The council conducted its first mental health survey in late spring 2020, focusing on the question, “How well are young people doing during the COVID-19 crisis?” The survey consisted of 52 questions (multiple-choice, rating-based and open-answer) on the topics of academic coping with loneliness and screen time.
The results showed that the children of Gonzales had significant mental stress. What’s more, two-thirds said they are falling behind academically as they struggle with school closures and unreliable online lessons. Nearly 60 percent of middle and high school students with younger siblings in the survey said they had to help a sibling complete their schoolwork online. And more than half of high school-age respondents gave answers that indicated they suffered from anxiety, depression, or both. The youth in Gonzales also reported that they needed more information about how to deal with these and other mental health problems.
The youth council quickly developed plans to provide that information and support. The council broadcast its own mental health investigation via Instagram. The council also shared hotline numbers, inspirational messages, coping tips and self-care reminders with students, and called for training for youth on how to respond when peers are having mental health issues.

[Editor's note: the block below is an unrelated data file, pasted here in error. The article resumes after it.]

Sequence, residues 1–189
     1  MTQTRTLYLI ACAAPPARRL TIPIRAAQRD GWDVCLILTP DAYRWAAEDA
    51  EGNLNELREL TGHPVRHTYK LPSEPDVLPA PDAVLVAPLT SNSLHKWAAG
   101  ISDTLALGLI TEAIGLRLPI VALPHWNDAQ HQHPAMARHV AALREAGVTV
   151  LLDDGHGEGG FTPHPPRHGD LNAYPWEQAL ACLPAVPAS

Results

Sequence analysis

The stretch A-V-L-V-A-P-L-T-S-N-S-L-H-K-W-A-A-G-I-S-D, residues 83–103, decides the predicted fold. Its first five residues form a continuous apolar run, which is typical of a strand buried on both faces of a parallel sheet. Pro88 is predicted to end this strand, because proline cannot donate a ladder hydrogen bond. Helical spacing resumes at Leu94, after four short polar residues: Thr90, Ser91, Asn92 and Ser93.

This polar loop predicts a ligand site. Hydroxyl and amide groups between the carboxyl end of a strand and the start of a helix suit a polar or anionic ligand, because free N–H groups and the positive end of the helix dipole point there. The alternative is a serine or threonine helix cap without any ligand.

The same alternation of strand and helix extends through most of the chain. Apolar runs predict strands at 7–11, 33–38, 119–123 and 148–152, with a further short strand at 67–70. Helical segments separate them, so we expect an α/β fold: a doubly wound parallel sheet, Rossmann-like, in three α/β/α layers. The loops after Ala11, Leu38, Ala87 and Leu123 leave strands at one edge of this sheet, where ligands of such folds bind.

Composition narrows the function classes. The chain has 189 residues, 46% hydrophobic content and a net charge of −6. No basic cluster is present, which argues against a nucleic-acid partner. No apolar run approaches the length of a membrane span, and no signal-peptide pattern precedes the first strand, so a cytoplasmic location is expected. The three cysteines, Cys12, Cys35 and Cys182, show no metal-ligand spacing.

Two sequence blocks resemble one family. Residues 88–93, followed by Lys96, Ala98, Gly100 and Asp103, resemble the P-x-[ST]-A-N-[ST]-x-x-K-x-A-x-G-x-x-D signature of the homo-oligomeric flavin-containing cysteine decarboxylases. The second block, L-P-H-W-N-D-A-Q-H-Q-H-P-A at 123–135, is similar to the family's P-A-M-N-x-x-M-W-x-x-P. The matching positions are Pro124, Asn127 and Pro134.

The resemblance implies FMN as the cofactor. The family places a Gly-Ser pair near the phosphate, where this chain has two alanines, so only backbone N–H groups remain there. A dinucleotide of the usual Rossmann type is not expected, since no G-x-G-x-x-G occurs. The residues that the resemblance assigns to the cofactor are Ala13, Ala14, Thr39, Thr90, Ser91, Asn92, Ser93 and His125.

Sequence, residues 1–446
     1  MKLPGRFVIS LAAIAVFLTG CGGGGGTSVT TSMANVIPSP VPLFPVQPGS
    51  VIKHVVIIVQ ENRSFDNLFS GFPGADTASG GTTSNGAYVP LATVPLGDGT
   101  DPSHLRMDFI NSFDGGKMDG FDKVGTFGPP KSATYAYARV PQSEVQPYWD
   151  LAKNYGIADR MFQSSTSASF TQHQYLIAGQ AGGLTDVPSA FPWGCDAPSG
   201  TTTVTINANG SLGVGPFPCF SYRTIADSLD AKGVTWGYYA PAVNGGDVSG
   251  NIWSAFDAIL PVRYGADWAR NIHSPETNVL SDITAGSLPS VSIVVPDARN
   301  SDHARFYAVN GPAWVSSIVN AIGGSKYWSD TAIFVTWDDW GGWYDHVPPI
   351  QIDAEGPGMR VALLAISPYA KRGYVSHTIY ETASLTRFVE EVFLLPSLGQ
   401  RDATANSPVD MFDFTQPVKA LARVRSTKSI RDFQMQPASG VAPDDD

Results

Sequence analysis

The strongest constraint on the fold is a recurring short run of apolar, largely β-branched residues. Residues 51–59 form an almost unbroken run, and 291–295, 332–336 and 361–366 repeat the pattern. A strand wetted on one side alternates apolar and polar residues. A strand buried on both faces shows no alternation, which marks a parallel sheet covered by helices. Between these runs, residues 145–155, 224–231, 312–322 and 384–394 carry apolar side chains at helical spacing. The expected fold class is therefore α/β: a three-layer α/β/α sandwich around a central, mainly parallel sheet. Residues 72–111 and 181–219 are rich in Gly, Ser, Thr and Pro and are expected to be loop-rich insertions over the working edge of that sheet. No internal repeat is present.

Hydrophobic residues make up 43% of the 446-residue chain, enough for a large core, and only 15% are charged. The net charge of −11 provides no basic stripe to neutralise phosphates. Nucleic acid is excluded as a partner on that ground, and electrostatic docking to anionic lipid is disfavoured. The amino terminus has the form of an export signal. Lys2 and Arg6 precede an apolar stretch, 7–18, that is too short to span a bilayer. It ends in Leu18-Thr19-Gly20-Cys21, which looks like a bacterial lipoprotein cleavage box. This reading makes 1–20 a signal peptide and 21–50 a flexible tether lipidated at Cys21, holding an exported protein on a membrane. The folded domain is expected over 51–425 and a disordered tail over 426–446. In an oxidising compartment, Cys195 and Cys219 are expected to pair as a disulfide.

Helping Hand:Salinas Valley City Where Kids Come First
In the fall of 2020, the youth council met with school, city and county officials to advocate for more resources to assist Gonzales youth with their mental health burden. As a result, these local governments pledged to reduce the stigma surrounding mental illness and make it easier for students to report mental health challenges.
The meetings also presented a new financial commitment. In January 2021, the city and school district agreed to share the cost of hiring an additional licensed clinical social worker to support student mental health.
People are paying attention to Gonzales’ work—as an example of what scholars call youth-led participatory action research. Three youth council commissioners worked with Lovell’s team to write the peer-reviewed study in the quarterly journal of the National Association of School Psychologists. school psychology review,
But the youth council is not finished with this work, or satisfied with Gonzales’ mental health. Earlier this year, Young People conducted a follow-up survey to test the impact of the new mental health resources and asked students what else they needed.
The good news: The 2022 survey showed a decrease in the high rates of mental stress, anxiety and depression reported in 2020. For mental health services.
“We’ve made some progress, there’s more talking about mental health in school, but we need to talk about reducing mental health stigma,” said Sherlyn Flores-Magadan, Senior Youth Council Commissioner for Gonzales High School. Is required.” Me. “And we have to provide parents with more information—that’s one of the keys to helping our teens.”
In Gonzales, there’s also talk of new peer-to-peer projects—particularly around tutoring, pedestrian safety, and community gardens. The logic is simple: Who better to help the kids than the kids themselves?